The UK’s home food-delivery service sector grew 10 times faster than the country’s eating-out market last year, according to data published yesterday by the NPD Group, a consumer research company.
Brits ordered take-aways 599m times last year, an increase of 10 percent on 2015, while total visits to restaurants saw a rise of just 1 percent.
The food-delivery industry is worth twice as much as it was in 2008, jumping to £3.6bn last year.
Sixty-five percent of all deliveries in 2016 were for dinner, with breakfast accounting for just five percent of deliveries and lunch 11 percent.
There is a clear “market opportunity” to attract more customers to order take-away earlier in the day, according to NPD.
Deliveroo, Just Eat, Hungry House and UberEats are some of the biggest food delivery services which have taken the industry by storm.
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Founded in 2013, Deliveroo now operates in 120 cities across 12 countries.
— Deliveroo (@Deliveroo) 26 February 2017
In the past year alone, the company has partnered with seven popular restaurant chains from fast food giant Five Guys to restaurant chain Cafe Rouge.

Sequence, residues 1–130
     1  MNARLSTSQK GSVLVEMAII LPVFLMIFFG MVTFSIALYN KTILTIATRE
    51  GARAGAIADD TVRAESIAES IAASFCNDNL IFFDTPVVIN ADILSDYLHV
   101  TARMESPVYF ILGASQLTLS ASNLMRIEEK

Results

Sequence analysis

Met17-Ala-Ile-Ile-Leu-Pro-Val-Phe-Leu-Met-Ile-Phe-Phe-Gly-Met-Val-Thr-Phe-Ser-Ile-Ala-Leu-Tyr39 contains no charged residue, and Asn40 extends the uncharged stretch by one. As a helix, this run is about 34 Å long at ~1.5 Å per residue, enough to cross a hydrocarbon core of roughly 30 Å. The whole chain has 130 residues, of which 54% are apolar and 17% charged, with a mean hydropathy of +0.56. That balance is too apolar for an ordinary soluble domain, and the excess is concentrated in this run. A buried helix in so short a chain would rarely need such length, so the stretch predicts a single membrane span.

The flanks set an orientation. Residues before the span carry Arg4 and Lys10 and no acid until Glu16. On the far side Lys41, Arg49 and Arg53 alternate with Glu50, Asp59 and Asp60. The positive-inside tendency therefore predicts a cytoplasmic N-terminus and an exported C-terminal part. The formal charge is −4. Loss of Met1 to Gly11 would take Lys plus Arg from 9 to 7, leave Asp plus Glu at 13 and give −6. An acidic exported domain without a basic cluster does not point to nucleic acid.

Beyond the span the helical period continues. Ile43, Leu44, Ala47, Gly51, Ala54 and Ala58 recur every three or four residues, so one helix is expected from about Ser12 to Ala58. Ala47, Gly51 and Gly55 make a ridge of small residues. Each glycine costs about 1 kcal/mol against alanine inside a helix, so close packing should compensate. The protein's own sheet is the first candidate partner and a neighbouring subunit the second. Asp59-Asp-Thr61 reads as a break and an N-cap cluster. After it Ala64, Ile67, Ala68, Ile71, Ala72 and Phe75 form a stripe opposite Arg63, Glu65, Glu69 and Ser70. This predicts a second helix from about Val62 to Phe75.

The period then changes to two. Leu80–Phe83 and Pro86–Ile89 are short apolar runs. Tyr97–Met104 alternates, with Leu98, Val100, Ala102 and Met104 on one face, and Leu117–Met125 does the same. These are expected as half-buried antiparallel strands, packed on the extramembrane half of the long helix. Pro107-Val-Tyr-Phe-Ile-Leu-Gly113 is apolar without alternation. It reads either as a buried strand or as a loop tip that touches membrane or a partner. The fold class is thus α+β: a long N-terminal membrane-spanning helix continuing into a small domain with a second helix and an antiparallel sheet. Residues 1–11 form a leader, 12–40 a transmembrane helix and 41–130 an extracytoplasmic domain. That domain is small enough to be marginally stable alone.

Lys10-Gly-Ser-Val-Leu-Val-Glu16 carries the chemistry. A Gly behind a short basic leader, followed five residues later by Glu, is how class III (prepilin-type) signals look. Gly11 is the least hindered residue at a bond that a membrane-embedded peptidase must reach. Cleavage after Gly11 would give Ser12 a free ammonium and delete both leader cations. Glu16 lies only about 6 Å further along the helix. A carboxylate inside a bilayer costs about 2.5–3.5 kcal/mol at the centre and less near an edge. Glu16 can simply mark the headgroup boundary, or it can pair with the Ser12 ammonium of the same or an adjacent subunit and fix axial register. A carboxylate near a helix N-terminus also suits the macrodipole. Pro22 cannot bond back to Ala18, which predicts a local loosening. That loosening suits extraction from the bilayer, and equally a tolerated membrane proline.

“We work with thousands of restaurants that traditionally did not offer food delivery, creating £200m in added revenue for the restaurant industry in 2016,” said a Deliveroo spokesman.
JustEat, founded 10 years ago has also grown at a fast rate. In 2015 alone, the delivery service received 96.2m orders.
“Just Eat now has more than 100 cuisines available on its platform, from more than 68,000 restaurants worldwide, including 27,000 in the UK alone. Our average user orders through Just Eat nine times a year,” a JustEat spokesman told Verdict.
Cheap as chips?
The average bill for delivered food was £1 lower than eating a meal in a restaurant.
The difference was even bigger for certain types of cuisine.
Dinner at a local Indian, Thai, Chinese, Japanese, Greek, Italian or Mexican restaurant was, on average, almost double the cost of ordering take-away.
“Delivery often works out cheaper because orders typically cut out beverages, starters, side orders or desserts. So, consumers choosing delivery are buying ‘lite’ versions of what they might order at a restaurant,” NPD said in a statement.
“One of the most significant disruptions in the restaurant business today is the rapid increase in delivery,” McDonald’s said in a statement issued yesterday.